- 15% or more of any class of a target’s voting securities and has business relationships with the target that generate in the aggregate 2% or more of the total annual revenues or expenses of the target.
The Rule does not include a presumption of control based on threats to alter or terminate business relationships.
The Federal Reserve rejected public comments seeking to change the business relationship thresholds, adjust the revenue and expense calculations, exclude specific types of business relationships from coverage, and eliminate the presumption of control related to relationships that are not on market terms. The Federal Reserve did, however, narrow the frame of reference for revenues and expenses to those of the target only, rather than those of either the investor or target as in its prior proposal. These presumptions may limit investments of 5% or more a class of voting securities in a start-up company, particularly where the investor is seeking access to the target’s technology or services.
In response to public comments seeking clarification that an investment that does not trigger a presumption of control and is less than 5% of any class of voting securities should be considered passive for purposes of section 4(c)(6) of the BHCA, the Federal Reserve replied that the control framework in the Rule applies for purposes of Section 4(c)(6). As a result, it appears that investments that are less than 5% of any class of voting securities and do not otherwise trigger a presumption of control should qualify under Section 4(c)(6).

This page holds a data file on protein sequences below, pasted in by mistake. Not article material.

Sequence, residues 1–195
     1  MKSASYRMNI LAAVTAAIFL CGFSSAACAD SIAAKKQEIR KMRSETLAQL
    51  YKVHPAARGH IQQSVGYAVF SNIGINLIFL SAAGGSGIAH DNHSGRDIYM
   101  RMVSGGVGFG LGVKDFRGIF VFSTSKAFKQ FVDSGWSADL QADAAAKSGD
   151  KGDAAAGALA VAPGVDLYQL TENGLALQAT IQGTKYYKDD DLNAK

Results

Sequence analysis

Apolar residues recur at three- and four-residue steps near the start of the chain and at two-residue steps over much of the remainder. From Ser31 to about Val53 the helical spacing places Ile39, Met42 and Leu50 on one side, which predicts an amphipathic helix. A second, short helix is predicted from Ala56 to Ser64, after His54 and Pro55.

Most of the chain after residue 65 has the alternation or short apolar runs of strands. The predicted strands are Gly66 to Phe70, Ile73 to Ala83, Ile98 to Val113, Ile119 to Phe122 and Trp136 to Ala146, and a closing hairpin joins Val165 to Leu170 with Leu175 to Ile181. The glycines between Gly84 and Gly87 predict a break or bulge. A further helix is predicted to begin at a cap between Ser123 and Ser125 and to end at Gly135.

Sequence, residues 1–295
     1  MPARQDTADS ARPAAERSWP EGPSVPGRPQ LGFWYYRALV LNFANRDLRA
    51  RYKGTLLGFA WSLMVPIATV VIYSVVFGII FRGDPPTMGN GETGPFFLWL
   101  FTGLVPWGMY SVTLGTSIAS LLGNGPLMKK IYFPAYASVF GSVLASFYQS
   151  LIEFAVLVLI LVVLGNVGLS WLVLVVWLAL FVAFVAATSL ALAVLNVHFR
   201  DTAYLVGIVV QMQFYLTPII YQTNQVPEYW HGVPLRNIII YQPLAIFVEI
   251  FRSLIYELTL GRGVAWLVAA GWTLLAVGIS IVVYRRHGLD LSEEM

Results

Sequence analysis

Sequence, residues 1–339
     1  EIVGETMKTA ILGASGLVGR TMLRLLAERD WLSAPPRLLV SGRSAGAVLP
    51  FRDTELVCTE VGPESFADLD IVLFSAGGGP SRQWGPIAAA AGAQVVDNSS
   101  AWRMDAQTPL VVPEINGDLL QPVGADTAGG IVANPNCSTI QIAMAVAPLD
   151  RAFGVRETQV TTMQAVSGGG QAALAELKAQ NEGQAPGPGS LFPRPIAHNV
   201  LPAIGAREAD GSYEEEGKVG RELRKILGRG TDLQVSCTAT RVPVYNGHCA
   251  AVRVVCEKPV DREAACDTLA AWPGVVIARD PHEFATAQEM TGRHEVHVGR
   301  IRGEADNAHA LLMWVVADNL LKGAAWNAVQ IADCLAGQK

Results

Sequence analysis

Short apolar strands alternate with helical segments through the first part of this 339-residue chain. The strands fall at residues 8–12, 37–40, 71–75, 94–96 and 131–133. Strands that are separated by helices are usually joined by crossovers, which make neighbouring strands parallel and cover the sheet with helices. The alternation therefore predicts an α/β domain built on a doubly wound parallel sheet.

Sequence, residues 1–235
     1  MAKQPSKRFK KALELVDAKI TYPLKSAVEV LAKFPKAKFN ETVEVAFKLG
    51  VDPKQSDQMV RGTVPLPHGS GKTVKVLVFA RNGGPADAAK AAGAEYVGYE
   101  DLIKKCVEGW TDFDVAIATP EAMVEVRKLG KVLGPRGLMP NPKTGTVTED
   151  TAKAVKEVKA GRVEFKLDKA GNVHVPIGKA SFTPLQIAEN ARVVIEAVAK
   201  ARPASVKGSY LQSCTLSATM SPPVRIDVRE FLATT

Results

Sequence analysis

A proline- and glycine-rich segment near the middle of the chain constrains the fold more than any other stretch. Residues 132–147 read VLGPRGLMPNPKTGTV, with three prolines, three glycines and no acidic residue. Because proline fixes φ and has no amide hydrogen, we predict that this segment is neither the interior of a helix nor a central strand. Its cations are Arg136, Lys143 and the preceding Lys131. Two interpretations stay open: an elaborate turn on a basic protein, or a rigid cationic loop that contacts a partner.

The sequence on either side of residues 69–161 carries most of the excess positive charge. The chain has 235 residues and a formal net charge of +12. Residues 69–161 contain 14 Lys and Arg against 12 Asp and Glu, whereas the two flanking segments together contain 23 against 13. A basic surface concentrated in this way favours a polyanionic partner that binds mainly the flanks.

Investment Advisers and Investment Companies
The Rule presumes control exists where an investor owning 5% or more of any class of an investment fund’s voting securities or 25% or more of the investment fund’s total equity also serves as the investment fund’s investment adviser. However, this presumption of control will not apply when the investor organized and offered the target investment fund within the prior 12 months to provide an initial seeding period. The Federal Reserve rejected public comments seeking to provide for a “reasonable” seeding period or extend its duration to three years for consistency with the Volcker Rule and to expand the exemptions availability to fund participants, rather than only to fund organizers and sponsors.
The Rule substantially relaxes the Federal Reserve’s existing standards regarding divestiture of control. Under the Rule, an investor that previously controlled a target (e.g., a subsidiary) during the preceding two years will be presumed to continue to control the target if the investor owns 15% or more of any class of the target’s voting securities. As a result, a company generally will not be presumed to control a subsidiary if it either (1) divested to below 15%, or (2) divested to between 15% and 25% and waited for two years to pass. This presumption of control will not apply if 50% or more of the outstanding securities of each class of the subsidiary being sold is controlled by a single unaffiliated person or company. In response to public comments, the Federal Reserve clarified that this exception only applies when an unaffiliated person controls 50% or more of the outstanding securities of each class of voting securities of the company being divested. Other presumptions of control, such as those related to business relationships and interlocks, will continue to apply. The Rule does not presume control upon an investor’s threat to dispose of securities of a target, including large-block disposals.